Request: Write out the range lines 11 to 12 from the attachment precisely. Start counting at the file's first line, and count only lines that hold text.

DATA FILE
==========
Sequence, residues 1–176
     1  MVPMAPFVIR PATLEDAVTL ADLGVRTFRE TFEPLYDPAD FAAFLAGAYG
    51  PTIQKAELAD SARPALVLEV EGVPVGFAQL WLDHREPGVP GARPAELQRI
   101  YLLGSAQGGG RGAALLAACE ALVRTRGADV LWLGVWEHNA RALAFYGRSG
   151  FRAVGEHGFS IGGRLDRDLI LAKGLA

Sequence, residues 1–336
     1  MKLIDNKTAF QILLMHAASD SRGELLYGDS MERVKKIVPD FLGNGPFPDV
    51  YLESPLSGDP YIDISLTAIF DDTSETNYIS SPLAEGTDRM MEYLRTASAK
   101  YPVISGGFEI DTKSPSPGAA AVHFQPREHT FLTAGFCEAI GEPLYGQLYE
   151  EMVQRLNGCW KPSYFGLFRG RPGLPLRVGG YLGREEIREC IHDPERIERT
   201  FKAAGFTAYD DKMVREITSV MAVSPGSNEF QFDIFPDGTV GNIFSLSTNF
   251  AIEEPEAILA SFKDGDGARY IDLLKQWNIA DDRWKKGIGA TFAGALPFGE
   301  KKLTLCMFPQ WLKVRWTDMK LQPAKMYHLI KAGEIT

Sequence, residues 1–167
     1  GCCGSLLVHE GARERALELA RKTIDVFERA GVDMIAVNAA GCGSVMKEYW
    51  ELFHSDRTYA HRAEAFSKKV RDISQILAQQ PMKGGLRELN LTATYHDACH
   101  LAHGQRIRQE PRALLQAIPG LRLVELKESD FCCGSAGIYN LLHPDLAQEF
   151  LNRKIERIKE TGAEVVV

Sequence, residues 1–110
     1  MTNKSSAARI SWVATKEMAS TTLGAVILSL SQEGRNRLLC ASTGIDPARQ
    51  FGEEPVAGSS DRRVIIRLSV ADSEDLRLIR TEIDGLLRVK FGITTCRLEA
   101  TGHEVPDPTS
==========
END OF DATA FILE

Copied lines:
   201  FKAAGFTAYD DKMVREITSV MAVSPGSNEF QFDIFPDGTV GNIFSLSTNF
   251  AIEEPEAILA SFKDGDGARY IDLLKQWNIA DDRWKKGIGA TFAGALPFGE